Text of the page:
I left voice mail messages  and sent resumes in the back door to operations managers.  Waited and didn't hear anything for several weeks.  By that time, the posting had been pulled from the corporate website, and the trail was getting cold.

Then out of the blue, I got a call on my cell on a Friday am.  It was an Ops manager from one of the plants.  He said they were already filled, but he'd forward my resume to the ops manager next door.  I can't tell you how good it felt to be acknowledged!  When I was on shift as a chem tech, the Ops manager that called me was a Shift Sup, and I remember working with him - good guy type.

Out of the blue, another listing appeared on the corporate web site for a NLO.  I left a voice mail message for the other Ops Manager a few days ago.  Heard nothing back.

This am, I received an invitation from HR to take the POSS test.  No calls, no additional speaking to managers. 

I gave all of this detailed blabbing to make a point.  Networking works!  Both here, and in real life.  Without the connections and corrections, I probably wouldn't have the offer to take the test.

Now to study......Where are my reading glasses????


  • Guest
Re: back in with a twist - long and probably boring
« Reply #12 on: Mar 26, 2009, 09:47 »
Another update.

I received a letter in the mail yesterday stating I was recommended for Mechanical and Controls maintenance, and Operations.  I take that as meaning I passed! 

Many thanks to all who have help me.  I'll post a few specifics on the POSS board to pay it forward to the next folks who take the test.

Now to get an interview.....


  • Guest
Re: back in with a twist - long and probably boring
« Reply #13 on: Apr 24, 2009, 07:10 »
I had an interview a couple weeks ago, and thought I made a respectable showing, but didn't think I aced it.  If I had to grade myself, I'd give it a B+.    However, my grading means nothing, as I didn't have the answer key. 

I received an email today stating I was not accepted for the position.  If you've never had the displeasure of receiving an impersonal boiler plate rejection email from a third party company that handles some of the hiring paperwork, I'll tell you, it doesn't feel good!  Ouch!

While I'm doing a little bit of wound licking, I've sent out some personal emails to try to get some feedback from the plant WITHOUT appearing like a whiner or sore looser.  If I get something valid back, I can reorganize and attack again should another position open up.  If something comes up that would be of benefit to others, I'll report back.

Congrats to those who successfully jumped the hurdles!

Offline HydroDave63

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Re: back in with a twist - long and probably boring
« Reply #14 on: Apr 24, 2009, 08:03 »
Seeing as how they promoted "Senior", there is probably sufficient corporate karma/memory such that the plant in question will somehow always not extend an offer to bring you back. Any backup plan?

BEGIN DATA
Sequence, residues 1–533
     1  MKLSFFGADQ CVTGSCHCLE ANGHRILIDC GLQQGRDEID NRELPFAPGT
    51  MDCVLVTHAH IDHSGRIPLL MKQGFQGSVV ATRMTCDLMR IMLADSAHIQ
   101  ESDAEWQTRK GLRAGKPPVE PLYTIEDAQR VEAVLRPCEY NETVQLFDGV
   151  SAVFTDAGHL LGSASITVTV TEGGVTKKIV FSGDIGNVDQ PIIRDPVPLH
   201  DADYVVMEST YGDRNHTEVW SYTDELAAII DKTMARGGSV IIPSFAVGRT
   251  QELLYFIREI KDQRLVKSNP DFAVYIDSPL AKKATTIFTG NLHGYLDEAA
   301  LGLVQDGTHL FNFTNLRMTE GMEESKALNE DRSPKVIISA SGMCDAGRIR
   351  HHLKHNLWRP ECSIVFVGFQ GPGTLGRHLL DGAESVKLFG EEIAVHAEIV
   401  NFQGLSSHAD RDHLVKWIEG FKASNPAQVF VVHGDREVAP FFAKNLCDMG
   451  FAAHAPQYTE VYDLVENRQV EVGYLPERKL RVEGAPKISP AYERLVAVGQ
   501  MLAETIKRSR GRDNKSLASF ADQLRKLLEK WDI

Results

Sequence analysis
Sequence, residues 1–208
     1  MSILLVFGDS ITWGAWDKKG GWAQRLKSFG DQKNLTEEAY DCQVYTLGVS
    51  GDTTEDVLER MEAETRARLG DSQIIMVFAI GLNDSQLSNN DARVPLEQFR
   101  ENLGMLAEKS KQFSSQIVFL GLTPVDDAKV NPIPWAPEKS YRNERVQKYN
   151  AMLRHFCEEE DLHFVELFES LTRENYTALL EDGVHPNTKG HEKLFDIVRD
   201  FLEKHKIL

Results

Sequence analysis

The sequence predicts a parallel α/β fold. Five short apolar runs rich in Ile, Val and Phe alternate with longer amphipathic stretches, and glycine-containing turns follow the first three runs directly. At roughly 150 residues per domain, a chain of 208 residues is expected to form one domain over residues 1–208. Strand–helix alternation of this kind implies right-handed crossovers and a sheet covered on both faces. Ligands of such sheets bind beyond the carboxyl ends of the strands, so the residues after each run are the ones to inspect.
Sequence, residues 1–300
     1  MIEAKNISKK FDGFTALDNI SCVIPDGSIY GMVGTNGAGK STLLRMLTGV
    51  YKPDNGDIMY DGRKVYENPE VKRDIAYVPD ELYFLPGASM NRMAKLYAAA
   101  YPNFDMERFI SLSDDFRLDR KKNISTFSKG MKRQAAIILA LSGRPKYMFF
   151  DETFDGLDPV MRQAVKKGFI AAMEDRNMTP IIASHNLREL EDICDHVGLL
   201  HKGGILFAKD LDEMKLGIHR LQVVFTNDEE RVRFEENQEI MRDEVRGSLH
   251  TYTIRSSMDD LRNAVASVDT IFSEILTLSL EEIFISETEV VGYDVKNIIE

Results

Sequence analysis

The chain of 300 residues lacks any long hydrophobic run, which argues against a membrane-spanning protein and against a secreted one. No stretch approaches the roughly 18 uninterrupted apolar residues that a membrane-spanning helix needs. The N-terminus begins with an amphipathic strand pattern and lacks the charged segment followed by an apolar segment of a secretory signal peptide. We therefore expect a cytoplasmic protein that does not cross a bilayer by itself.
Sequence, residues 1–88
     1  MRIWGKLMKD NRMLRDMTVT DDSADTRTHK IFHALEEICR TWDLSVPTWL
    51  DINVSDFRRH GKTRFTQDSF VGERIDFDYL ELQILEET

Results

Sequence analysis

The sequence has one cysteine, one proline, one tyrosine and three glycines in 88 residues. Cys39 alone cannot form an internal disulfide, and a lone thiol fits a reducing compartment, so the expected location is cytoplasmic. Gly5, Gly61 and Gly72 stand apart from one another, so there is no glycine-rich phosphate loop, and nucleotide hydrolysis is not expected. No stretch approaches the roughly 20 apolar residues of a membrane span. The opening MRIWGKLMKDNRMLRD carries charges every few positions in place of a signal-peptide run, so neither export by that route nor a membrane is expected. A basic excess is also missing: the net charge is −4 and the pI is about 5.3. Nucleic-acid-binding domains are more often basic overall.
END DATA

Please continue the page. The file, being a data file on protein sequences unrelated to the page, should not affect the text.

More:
• Guest
Re: back in with a twist - long and probably boring
« Reply #15 on: Apr 24, 2009, 09:02 »
Hydro,  Thanks for the response.  "Senior" was never promoted in house. In fact, I've been recently told (but not verified) that he was soon shifted to a position without direct reports, as a result of the investigation that took place following my exit interview.  Again, that's not confirmed, but I think the source is reliable.   After a few more years (without being promoted), he moved along to another plant, then another plant.  Memory may or may not exist.  I may never know the answer to the "memory" question.  The plant I interviewed for is operated by the same company, but is next door to the plant where I was employed.  There's a bit of a disconnect between the two plants, and they have somewhat different cultures,  but there's not an information firewall by any means.

Another real possibility is that I simply wasn't as good of a candidate as the ones who were chosen.  They only selected half of the number they originally were calling for, which really reduces the odds.  Also, if given the choice between two otherwise roughly equal candidates, even I would tend to choose the one with no drama, because it's often difficult to determine who is the root of the drama! 

My backup plan is to first seek feedback, and see if I should continue trying.  If I was close, or made a critical error that I simply wasn't aware of, I'll reorganize and apply for the next available position.  If It's suggested that hell will freeze over first before I'll get hired, then I'll close that chapter.

I'm self employed, but don't have enough work coming in to make my target income.   Yes I have some irons in  the fire to try to increase business traffic and profit margin.  We'll continue to eat, but will not have the financial flexibility I'd like without a job like the one I just missed, or a significant up tick in my business. 

While I would enjoy the increase in income this job would have provided, it's as much about the personal/professional redemption, and that I really liked being a nuke - the job, not just the money!
« Last Edit: Apr 24, 2009, 09:07 by metoo »


  • Guest
Re: back in with a twist - long and probably boring
« Reply #16 on: Jun 04, 2009, 03:23 »
To put an end to this thread, I interviewed, was offered, and accepted a job as a chem tech. 

Offline Lorrie Henson

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Re: back in with a twist - long and probably boring
« Reply #17 on: Jun 04, 2009, 03:38 »
Congratulations and GOOD LUCK!!  I hope you enjoy your position.


  • Guest
Re: back in with a twist - long and probably boring
« Reply #18 on: Jun 04, 2009, 03:57 »